I’m an avid participant in our democratic system. I also feel strongly that those who don’t vote should shut the hell up about how government operates. Your failure to participate in it negates your privilege to complain about it.
I am constantly disappointed in voter turnout. Sure, there are plenty of folks I believe should be prohibited from voting. That would include ill-informed people who do such things as voting along party lines simply because that’s much easier than learning about the individual candidates and issues, then voting conscience instead of partisanship.
Given these two facts, what are my thoughts on compulsory voting? I think it’s a terrible idea.
Richard makes several important points supporting the premise of forced democracy. Despite the seeming logic, however, the taste of the phrase rolling from my tongue is cause for nausea. The draft is marginally tolerable in defense of the country. To institute such a policy to force citizens to vote is in no way comparable to that premise.
Voters are allowed to abstain from any race. Not voting in an election is the equivalent of abstaining from all races on the ballot. He suggests allowing blank ballots to compensate for this right. Perhaps I missed the point of making people go to the polls. I agree that getting bodies to voting locations would increase participation; equally, I understand that many would abstain from the race by way of the blank ballot, thereby accomplishing little in the way of forcing their participation.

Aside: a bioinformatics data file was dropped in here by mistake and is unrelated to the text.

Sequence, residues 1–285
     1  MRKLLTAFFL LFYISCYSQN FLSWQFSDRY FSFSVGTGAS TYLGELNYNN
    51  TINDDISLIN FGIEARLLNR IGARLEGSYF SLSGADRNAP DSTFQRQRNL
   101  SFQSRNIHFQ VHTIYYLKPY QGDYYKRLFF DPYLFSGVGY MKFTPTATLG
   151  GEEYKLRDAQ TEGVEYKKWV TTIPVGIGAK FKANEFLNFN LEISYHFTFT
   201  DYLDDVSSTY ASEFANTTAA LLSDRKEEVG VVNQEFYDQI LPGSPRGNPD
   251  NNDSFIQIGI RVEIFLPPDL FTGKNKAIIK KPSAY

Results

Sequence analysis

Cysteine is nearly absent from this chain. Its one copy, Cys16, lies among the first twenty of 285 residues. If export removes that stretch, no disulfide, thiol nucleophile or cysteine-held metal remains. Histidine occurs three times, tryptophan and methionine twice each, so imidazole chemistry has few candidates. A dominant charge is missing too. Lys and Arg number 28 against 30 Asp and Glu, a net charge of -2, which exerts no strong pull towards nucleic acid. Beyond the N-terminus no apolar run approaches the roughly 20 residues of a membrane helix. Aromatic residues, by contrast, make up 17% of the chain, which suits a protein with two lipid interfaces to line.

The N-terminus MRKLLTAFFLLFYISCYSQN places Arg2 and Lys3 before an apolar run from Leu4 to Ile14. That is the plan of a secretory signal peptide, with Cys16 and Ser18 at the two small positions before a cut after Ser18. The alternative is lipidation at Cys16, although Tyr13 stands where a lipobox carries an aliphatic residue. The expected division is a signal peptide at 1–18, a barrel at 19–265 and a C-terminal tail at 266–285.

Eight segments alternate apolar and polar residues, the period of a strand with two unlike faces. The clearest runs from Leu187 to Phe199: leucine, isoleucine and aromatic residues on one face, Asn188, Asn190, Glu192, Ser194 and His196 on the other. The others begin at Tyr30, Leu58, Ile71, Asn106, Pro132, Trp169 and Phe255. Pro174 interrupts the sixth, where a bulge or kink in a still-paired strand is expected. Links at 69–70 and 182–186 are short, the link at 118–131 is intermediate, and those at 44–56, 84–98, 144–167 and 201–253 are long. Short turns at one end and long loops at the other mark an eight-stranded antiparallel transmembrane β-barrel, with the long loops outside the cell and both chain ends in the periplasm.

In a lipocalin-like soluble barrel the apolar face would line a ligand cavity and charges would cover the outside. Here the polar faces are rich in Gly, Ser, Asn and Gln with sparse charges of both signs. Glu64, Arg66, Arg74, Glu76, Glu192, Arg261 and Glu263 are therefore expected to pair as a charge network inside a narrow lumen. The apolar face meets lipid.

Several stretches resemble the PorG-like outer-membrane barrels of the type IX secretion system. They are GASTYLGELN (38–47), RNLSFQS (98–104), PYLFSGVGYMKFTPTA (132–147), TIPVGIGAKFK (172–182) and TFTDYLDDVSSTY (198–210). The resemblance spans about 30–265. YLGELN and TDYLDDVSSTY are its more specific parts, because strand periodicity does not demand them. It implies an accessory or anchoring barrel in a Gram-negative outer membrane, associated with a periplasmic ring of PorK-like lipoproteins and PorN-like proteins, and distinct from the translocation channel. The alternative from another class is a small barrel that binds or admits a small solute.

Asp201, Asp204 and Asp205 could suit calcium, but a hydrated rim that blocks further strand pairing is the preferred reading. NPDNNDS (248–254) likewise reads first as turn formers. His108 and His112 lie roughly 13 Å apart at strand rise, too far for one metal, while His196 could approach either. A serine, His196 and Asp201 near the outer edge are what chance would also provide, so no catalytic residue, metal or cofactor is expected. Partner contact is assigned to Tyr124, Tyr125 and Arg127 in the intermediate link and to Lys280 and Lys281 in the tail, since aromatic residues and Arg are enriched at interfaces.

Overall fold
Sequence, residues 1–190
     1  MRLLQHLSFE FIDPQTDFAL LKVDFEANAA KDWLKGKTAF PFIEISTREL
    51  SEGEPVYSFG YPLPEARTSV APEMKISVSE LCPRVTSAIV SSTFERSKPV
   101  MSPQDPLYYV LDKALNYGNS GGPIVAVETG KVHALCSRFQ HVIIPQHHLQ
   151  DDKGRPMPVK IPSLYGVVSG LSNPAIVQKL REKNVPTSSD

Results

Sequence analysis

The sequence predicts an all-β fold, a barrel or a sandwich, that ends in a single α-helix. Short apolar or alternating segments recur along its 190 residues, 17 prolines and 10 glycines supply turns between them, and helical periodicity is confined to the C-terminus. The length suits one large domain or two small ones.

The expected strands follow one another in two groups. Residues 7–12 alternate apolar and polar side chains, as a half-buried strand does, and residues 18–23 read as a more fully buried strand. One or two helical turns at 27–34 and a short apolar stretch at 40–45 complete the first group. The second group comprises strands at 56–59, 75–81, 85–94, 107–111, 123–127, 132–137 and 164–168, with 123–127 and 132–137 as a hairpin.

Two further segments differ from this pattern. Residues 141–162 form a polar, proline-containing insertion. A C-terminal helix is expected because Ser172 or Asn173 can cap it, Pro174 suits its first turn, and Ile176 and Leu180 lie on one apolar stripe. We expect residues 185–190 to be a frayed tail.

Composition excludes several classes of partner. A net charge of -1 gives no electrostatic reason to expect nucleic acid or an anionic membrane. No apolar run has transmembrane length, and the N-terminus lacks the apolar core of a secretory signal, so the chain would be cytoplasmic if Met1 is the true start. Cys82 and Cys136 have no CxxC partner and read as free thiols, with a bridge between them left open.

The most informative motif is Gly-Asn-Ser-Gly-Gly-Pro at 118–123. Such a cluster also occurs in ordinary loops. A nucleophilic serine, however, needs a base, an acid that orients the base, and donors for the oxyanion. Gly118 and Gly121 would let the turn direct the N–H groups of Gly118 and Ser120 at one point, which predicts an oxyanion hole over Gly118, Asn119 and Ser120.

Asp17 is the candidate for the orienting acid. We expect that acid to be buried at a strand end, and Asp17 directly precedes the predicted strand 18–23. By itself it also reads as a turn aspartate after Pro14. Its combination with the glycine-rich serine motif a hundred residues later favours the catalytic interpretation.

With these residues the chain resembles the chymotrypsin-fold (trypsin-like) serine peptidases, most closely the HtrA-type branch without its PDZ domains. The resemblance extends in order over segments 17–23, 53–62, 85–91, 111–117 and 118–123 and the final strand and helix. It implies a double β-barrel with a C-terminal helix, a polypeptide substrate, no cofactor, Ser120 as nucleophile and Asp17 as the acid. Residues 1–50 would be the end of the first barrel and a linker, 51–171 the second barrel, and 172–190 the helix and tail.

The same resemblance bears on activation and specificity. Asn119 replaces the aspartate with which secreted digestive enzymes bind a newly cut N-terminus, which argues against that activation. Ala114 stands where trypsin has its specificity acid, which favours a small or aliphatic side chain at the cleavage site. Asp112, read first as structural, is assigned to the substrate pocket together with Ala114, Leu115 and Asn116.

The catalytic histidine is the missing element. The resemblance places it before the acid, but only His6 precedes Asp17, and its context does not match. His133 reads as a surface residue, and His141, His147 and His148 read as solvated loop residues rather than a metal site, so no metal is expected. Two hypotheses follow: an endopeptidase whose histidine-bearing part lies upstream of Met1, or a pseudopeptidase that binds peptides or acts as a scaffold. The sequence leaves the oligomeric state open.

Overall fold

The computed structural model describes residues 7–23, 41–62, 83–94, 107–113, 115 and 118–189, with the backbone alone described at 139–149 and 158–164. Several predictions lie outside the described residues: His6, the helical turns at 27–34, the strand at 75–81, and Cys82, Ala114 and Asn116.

Democracy is a voluntary system, not a compulsory one. Attempting to force anyone to vote in any race is indeed a violation of personal freedom despite his claim that “the imposition of voting is very small compared to the social benefits noted…” You may recognize that as synonymous with “the ends justify the means.” In the same manner — and significantly more important to the general welfare — let us also implement compulsory charitable donations. Even better, the government should simply remove said donations from our income much like taxes. “In the interest of the greater good” moves us significantly toward that place we are desperately trying to avoid at present: a police state.
The idea of paternalistic compulsion and its related concerns is an excellent philosophical debate. That said, however, I do not believe his rendition of the argument provides sufficient material to rebut. We certainly do not believe our government to be trustworthy; assuming so to countervail the issue does an injustice to his point.
I cannot negate the pro arguments he makes. Dramatically increasing voter participation would serve many purposes, not the least of which would be to ensure a more informed electorate and a government truly chosen by the majority of a country’s denizens — not just a majority of voters. Unequal representation is often a direct result of low voter turnout as he mentions. There are other positive aspects that he points out as well as some beyond the scope of his post.
None of these things warrant compulsory voting. Doing a thing because you want to is vastly different from doing a thing because you have to. In addition, being forced to do a thing is by no means a guarantee that said thing will be done properly or with any serious consideration. Some forced to the polls may well serve their own interests by random or arbitrary voting. I would much prefer that not happen as it does not serve the greater good and can work against the people’s interests.
Like Richard, I’d be interested in knowing what you think about the idea.